Figure 11 shows efficiency results obtained under the highest torque and speed conditions. Differentiation was most evident at high torque, but the same trends were seen across all the conditions. For comparison, Figure 12 shows the efficiency measurements under lowest torque. Under all conditions, Thickener A offers the greatest efficiency advantage.

Figure 11: Efficiency versus oil temperature under highest torque
Figure 12
Figure 13

Efficiency measurements were also plotted as a function of viscosity to factor out the effect of minor differences in viscosity among the various fluids. Figure 13 represents efficiency versus viscosity under highest torque and speed conditions. Multiple data points represent repeat tests. Viscosity measurements were taken via ASTM D445 at both 40°C and 100°C before and after the tests; minimal (less than 1 percent) viscosity loss was measured. This analysis confirms that Thickener A clearly offers the greatest efficiency.

Significant differences in operating temperature were also observed when the test was run without controlling oil temperature in the gearbox. Under high torque, the most efficient synthetic oil ran up to 12°C cooler than the mineral oil. Among the synthetic oils, differences of up to 8°C were observed, emphasizing the importance of choosing the right gear oil, even among synthetics.

Figure 14 shows operating temperature across the speed range, under high torque. As confirmed in Figure 15, the differences in operating temperature are statistically significant.

Figure 14
Figure 15


Formulating gearbox lubricants for high efficiency and operating temperature control is challenging and requires the balancing of many different physical and performance properties. In addition to the impact of a robust additive package, an all-inclusive formulating strategy must consider inherent traction, shear stability, and thickening power. This comprehensive approach was validated in a production-scale worm gear efficiency rig, which revealed excellent differentiation among a wide range of fluids. Utilizing this testing, synthetic gear oils were designed for optimal efficiency, operating temperature reduction, and fluid durability under extreme conditions of loading and speed.

Table 4

The impact of different performance attributes described in this paper can be summarized in a qualitative way, as shown in Table 4. Thickener A seems to show a clear advantage in the treat rate, traction coefficient, and operating efficiency while demonstrating a good shear profile. These factors need to be considered, along with selecting an appropriate base oil and additive package, in order to develop an energy-efficient industrial gear oil.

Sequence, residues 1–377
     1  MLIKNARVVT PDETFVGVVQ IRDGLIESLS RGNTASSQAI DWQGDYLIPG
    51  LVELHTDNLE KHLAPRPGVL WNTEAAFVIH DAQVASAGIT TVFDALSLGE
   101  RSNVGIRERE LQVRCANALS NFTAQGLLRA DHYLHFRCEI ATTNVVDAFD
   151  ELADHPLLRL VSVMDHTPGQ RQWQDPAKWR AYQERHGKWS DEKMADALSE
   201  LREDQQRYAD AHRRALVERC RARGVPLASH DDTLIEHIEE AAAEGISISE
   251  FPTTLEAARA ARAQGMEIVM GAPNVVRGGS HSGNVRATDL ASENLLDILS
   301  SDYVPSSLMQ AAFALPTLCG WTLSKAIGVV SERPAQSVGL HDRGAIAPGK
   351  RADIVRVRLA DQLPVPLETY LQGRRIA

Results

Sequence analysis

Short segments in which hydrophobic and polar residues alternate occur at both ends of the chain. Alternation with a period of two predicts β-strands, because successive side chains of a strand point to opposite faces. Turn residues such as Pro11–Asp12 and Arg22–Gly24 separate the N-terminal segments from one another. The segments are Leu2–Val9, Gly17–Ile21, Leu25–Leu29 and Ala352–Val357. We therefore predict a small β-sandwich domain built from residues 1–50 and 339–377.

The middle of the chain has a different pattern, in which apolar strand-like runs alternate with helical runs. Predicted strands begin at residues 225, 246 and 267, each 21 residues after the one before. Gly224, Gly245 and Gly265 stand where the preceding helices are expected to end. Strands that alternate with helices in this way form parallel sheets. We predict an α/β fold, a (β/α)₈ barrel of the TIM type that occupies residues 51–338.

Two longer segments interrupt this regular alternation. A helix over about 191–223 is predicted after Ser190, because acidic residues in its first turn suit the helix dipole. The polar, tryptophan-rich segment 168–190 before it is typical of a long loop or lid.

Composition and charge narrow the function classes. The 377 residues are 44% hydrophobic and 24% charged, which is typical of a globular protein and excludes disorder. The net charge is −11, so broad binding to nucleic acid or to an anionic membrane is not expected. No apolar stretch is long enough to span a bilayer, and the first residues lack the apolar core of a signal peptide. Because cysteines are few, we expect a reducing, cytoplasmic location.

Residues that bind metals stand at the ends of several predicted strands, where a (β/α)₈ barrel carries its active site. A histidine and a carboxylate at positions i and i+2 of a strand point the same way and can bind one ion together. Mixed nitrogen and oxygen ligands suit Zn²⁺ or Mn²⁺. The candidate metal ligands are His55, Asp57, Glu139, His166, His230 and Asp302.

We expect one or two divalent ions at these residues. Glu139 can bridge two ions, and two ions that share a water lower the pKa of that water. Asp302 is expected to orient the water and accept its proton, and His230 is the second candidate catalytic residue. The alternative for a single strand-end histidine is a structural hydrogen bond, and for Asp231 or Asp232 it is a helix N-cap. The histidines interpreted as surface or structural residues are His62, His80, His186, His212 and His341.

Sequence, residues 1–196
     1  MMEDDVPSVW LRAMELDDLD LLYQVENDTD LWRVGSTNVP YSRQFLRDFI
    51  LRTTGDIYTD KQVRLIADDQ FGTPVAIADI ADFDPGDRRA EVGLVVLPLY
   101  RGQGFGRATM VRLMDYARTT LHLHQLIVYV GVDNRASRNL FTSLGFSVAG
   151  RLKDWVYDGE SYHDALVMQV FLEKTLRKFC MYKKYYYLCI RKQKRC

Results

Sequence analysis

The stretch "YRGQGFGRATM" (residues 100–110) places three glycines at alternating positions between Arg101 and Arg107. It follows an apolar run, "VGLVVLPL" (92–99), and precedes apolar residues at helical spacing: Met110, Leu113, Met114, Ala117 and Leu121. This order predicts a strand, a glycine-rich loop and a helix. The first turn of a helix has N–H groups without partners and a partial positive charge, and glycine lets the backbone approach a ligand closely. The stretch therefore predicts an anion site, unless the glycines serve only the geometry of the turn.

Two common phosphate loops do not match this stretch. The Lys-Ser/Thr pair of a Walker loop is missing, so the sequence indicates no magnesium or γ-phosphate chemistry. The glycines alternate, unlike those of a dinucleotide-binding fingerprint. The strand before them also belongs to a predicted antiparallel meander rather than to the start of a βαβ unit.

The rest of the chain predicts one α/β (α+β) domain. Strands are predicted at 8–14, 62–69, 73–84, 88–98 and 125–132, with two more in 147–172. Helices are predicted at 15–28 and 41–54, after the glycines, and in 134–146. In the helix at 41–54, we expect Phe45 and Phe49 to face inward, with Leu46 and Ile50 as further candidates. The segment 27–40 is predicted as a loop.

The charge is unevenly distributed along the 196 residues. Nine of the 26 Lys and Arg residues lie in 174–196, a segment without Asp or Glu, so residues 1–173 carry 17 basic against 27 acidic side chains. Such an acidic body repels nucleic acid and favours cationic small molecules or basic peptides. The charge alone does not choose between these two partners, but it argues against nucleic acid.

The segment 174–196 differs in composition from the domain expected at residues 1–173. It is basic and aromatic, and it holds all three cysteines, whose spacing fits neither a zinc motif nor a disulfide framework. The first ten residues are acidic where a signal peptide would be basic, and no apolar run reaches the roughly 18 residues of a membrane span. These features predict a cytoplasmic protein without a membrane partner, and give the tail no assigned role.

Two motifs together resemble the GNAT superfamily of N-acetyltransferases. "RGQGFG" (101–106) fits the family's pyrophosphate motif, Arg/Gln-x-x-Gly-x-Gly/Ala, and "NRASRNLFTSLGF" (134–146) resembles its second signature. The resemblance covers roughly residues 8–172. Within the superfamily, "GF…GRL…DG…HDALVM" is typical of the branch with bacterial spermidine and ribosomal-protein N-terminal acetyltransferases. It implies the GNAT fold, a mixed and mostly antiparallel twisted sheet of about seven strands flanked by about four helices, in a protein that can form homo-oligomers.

1. Rensselar, J. V., 2013, “Trends in Industrial Gear Oils” Tribology and Lubrication Technology (2) pp 26–33.
  2. Vinci, J. N., Akucewich, E. S., Cain, R. W. and Qurreshi, F. S., 2002, “Developing Next Generation Axle Fluids: Part II – Systematic Formulating Approach” SAE International 2002-01-1692.
  3. Schnur, E., 1996, “Evaluating Gear Lubricating Shear Stability” SAE International 961108.
Printed with permission of the copyright holder, the American Gear Manufacturers Association, 1001 N. Fairfax Street, Suite 500, Alexandria, Virginia 22314. Statements presented in this paper are those of the authors and may not represent the position or opinion of the American Gear Manufacturers Association (AGMA). This paper was presented October 2016 at the AGMA Fall Technical Meeting in Pittsburgh, Pennsylvania. 16FTM16


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has worked as a research engineer with The Lubrizol Corporation since 2011, specializing in bench-scale and full component mechanical test development. Wilkerson has a degree in mechanical engineering from The Ohio State University.
technology manager, worked for The Lubrizol Corporation for more than 44 years. He developed different fluid formulations focusing primarily on automotive and industrial gear oils. He retired late 2016.
works as a technology manager with The Lubrizol Corporation, where she formulates lubricating additives for hydraulic and industrial gear oils. Basu has been with Lubrizol since 2007 and has a Ph.D. in chemistry from Case Western Reserve University.